You also need to disable anonymous access to the Web service. In IIS, display the properties of the Web service and select the Directory Security tab. Click the Edit… button to bring up the Authentication Methods dialog box. Clear the Anonymous access check box (see Figure 1).
|Basic Windows Authentication|
Basic authentication is an industry-standard authentication protocol (RFC 1945) that requires the caller to send credentials to the server. When you select the Basic authentication check box, IIS will deny access to incoming requests that do not include security credentials: domain, user name, and password. IIS will reply to requests lacking credentials with HTTP error 401. In the case of a Web page, using Basic authentication will cause the browser to display a dialog asking the user to enter network credentials. In the case of a Web service client, there is no browser, so it is up to the client to provide the credentials programmatically.
Consider, for example, the SecureCalculator Web service, defined as:
If you configure this Web service to rely on Basic authentication, the client needs to provide the account credentials. The client may or may not be a Windows or .NET client. However, if the client is written in .NET, then it can use the built-in support that the client-side wrapper class has for passing network credentials (even when interacting with a non-Windows service that relies on Basic authentication). If you develop a client in .NET, when you add a Web reference to the SecureCalculator Web service, Visual Studio .NET generates a client-side SecureCalculator wrapper class that derives indirectly from WebClientProtocol. WebClientProtocol has a public property called Credentials, of type ICredentials. You’ll find ICredentials in the System.Net namespace (see Listing 1 for the ICredentials definition). By default, the Credentials property is not initialized and is set to null. Before invoking a method on a Web service that uses Basic authentication, the client needs to initialize the Credentials property of the wrapper class with a NetworkCredentials object and then call the method:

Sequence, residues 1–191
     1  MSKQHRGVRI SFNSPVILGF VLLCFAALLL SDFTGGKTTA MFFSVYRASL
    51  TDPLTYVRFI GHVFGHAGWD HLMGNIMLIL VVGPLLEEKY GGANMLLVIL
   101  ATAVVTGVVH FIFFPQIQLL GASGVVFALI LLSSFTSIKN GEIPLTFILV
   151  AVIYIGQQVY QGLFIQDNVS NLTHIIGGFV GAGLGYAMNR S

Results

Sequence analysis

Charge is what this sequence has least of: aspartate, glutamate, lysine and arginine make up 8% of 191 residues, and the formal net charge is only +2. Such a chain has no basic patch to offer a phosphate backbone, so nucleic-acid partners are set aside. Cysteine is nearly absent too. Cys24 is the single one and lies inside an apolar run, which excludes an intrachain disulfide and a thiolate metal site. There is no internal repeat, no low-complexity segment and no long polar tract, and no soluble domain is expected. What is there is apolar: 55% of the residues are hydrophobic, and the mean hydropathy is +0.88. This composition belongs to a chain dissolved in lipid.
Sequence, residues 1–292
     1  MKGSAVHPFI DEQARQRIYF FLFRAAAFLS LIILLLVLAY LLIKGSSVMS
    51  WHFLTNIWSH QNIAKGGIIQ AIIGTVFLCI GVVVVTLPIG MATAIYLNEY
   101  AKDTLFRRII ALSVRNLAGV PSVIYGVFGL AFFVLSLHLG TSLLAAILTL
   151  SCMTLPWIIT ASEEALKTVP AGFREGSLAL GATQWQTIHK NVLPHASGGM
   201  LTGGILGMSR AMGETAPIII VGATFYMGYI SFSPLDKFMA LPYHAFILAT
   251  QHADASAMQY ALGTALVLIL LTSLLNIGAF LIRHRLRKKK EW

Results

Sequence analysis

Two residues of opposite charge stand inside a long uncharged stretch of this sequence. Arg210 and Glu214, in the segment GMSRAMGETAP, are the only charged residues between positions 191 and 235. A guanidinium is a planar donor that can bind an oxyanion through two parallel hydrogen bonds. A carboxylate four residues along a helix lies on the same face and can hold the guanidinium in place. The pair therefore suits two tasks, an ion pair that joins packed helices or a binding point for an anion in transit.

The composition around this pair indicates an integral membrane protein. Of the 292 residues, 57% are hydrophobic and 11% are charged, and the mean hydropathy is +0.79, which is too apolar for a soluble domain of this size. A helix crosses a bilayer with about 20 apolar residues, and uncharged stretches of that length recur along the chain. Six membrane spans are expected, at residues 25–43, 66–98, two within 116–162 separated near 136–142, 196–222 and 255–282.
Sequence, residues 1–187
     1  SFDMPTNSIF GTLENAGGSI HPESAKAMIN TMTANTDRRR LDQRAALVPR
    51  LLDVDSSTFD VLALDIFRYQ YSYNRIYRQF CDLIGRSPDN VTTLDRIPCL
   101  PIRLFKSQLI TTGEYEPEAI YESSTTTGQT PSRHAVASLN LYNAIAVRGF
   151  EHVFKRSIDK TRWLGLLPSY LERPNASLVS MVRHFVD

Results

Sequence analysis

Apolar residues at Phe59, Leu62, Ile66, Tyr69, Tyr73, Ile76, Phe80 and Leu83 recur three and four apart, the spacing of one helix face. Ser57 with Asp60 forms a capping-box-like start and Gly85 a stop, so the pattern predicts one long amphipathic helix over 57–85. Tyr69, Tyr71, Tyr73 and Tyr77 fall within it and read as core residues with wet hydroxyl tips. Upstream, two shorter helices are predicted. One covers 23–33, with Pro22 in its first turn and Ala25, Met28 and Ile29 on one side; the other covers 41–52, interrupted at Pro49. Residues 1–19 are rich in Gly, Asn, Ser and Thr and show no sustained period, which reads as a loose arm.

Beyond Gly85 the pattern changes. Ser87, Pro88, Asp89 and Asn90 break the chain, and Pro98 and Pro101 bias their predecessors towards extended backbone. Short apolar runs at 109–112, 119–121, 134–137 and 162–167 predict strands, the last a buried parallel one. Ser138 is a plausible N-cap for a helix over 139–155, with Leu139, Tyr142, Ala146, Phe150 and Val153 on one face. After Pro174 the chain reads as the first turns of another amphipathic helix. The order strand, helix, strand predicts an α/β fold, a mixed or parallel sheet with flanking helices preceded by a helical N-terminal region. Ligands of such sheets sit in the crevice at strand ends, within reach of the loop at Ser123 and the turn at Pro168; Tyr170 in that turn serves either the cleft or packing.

The client can also set the PreAuthenticate property of the wrapper class to true. This will cause the wrapper class to send credentials to the server, even when not challenged for them. This is an optimization option that can save the round trip after receiving a 401 error.
It is important to note that Basic authentication sends credentials in clear text, so you should use HTTPS or SSL, especially when using Basic authentication over the Internet. If the credentials are static, that is, they are not a run-time parameter the client retrieves somehow, then the client can encapsulate setting the credentials in the constructor of the wrapper class:
Digest Windows Authentication
If you select to use Digest authentication, IIS will look in the request for the digest credentials and authenticate the user accordingly. There is nothing the Web service developer needs to do; it is up to the client to pass the digested credentials. If the client is a .NET client, it needs to initialize the Credentials property of the wrapper class with an object of type CredentialCache, as defined in Listing 2. CredentialCache is a collection of credentials that is polymorphic with ICredentials.